On-going opportunities to get involved in management in the greater Kohala area
Prepared by Megan Lamson, updated by Julia Rose
Coral Reef Alliance: CORAL is an international non-profit organization whose goal is to "lead holistic conservation programs that improve coral reef health and resilience and are replicated across the globe." They work with the Puako community in South Kohala to address water quality issues at the shoreline. CORAL is launching a citizen science water quality program and looking for volunteers! Email email@example.com for more info.
Kohala Watershed Partnership: A group that is committed to “Working together to protect and sustain the forest, the water, and the people of Kohala Mountain.” They work on a variety of restoration projects in Kohala including one at Pelekane Bay, South Kohala. For more info about this or other fieldwork or volunteer opportunities, please contact them at firstname.lastname@example.org or visit their website at www.kohalawatershed.org
Hawai'i Wildfire Management Organization: HWMO is a non-profit organization that works statewide but was originated in Waimea on Hawai'i Island. Their mission is "To serve as a hub of wildfire prevention, mitigation, and planning activities in the Hawaii-Pacific region through proactive, collaborative, and forward-thinking projects" HWMO supports community initiatives to reduce wildfire risk around the state. To get involved or learn how you can reduce your risk of fire, visit their website at www.hawaiiwildfire.org or email email@example.com.
The Waikoloa Dryland Forest Initiative: “Waikoloa Dry Forest Initiative Inc. is a nonprofit organization formed in 2011 to manage and preserve the remnant lowland wiliwili forest that persists just outside of Waikoloa Village. Our mission is to preserve the existing resources within the area, promote the natural regeneration of common and rare native plants, and restore the native dry forest community. We also hope to preserve, promote and restore understanding and stewardship of the forest within our communities through outreach and education and by providing opportunities to experience these special places.” They routinely seek volunteer help with native outplanting workdays on Saturdays. For more info contact Jen Lawson at firstname.lastname@example.org or check out their website at www.waikoloadryforest.org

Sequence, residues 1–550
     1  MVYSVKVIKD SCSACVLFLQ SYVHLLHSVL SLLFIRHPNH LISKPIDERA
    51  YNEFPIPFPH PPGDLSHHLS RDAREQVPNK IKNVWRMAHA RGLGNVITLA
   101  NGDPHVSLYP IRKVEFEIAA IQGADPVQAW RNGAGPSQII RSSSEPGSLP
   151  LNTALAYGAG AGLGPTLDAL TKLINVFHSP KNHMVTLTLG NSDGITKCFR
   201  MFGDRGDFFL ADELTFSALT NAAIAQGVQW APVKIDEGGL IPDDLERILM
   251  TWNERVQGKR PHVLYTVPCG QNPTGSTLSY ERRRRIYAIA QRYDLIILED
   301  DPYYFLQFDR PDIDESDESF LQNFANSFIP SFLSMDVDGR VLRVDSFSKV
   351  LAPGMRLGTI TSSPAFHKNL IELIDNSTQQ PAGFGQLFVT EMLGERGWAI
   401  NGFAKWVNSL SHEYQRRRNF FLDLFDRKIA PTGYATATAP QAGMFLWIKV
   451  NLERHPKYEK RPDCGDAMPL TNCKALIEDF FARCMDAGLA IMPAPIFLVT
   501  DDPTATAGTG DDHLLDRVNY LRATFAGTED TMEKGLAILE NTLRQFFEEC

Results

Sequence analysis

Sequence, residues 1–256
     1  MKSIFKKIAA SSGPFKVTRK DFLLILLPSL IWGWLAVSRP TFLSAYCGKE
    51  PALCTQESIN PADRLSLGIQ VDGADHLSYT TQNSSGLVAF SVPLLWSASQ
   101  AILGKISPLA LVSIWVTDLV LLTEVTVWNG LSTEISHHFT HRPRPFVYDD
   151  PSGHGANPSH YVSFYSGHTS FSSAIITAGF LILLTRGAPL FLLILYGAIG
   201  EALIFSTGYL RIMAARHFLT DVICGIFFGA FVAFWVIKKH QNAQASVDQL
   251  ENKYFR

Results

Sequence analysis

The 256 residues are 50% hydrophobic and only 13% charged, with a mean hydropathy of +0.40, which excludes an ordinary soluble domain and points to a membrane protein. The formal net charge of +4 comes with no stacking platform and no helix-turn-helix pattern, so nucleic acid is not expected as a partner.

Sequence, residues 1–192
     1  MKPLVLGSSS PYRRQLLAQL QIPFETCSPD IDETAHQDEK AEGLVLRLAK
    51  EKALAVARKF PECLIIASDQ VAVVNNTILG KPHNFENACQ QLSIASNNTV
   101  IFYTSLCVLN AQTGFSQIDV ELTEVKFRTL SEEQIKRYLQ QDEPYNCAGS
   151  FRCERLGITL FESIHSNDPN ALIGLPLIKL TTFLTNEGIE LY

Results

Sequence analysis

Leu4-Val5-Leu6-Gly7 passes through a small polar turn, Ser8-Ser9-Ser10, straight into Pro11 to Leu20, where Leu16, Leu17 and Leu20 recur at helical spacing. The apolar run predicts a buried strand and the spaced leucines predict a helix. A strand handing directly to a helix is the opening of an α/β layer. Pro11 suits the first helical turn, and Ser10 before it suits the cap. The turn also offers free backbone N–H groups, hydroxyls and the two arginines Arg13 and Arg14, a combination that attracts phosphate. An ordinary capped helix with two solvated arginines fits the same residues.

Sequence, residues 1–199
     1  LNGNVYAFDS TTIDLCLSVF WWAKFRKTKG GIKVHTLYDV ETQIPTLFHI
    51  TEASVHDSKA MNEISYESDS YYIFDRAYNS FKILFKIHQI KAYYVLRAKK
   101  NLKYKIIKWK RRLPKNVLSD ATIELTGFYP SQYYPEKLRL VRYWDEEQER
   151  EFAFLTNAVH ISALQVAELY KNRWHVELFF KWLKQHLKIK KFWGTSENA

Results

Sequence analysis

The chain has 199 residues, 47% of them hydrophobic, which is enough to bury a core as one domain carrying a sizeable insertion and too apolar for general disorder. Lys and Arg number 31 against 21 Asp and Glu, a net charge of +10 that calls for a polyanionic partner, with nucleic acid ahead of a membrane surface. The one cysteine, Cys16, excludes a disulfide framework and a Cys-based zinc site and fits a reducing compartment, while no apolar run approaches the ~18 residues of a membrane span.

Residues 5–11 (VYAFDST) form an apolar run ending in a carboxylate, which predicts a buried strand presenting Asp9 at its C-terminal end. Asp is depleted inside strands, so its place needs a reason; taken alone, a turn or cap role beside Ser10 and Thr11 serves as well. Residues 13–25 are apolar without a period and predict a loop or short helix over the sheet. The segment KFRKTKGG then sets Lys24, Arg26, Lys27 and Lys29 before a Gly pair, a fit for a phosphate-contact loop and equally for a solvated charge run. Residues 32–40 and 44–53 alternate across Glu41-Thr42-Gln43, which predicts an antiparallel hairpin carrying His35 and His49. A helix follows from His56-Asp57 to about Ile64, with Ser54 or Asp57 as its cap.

Keep Puakō Beautiful: This volunteer group that based out of Puakō is a branch of Keep Hawaiʻi Beautiful. They coordinate regular beach cleanup efforts in the region. For more info about this event and more, please contact Cynthia Ho at email@example.com.
Makai Watch Puakō: Recently, the Puakō community has begun a Makai Watch program through the Puakō Community Association and with some planning support from The Nature Conservancy. Makai Watch is a community-based monitoring program in Hawaiʻi that is a partnership between the Dept of Land and Natural Resources (DLNR) and various community, non-profit, and gov’t agencies. Makai Watch groups seek to protect the coastal resources of their local community via fish/habitat monitoring, human-use monitoring, outreach/education booths and events, as well as resource violation reporting. For more info about volunteering in Puakō, please contact the coordinator, Randy Clarke at firstname.lastname@example.org.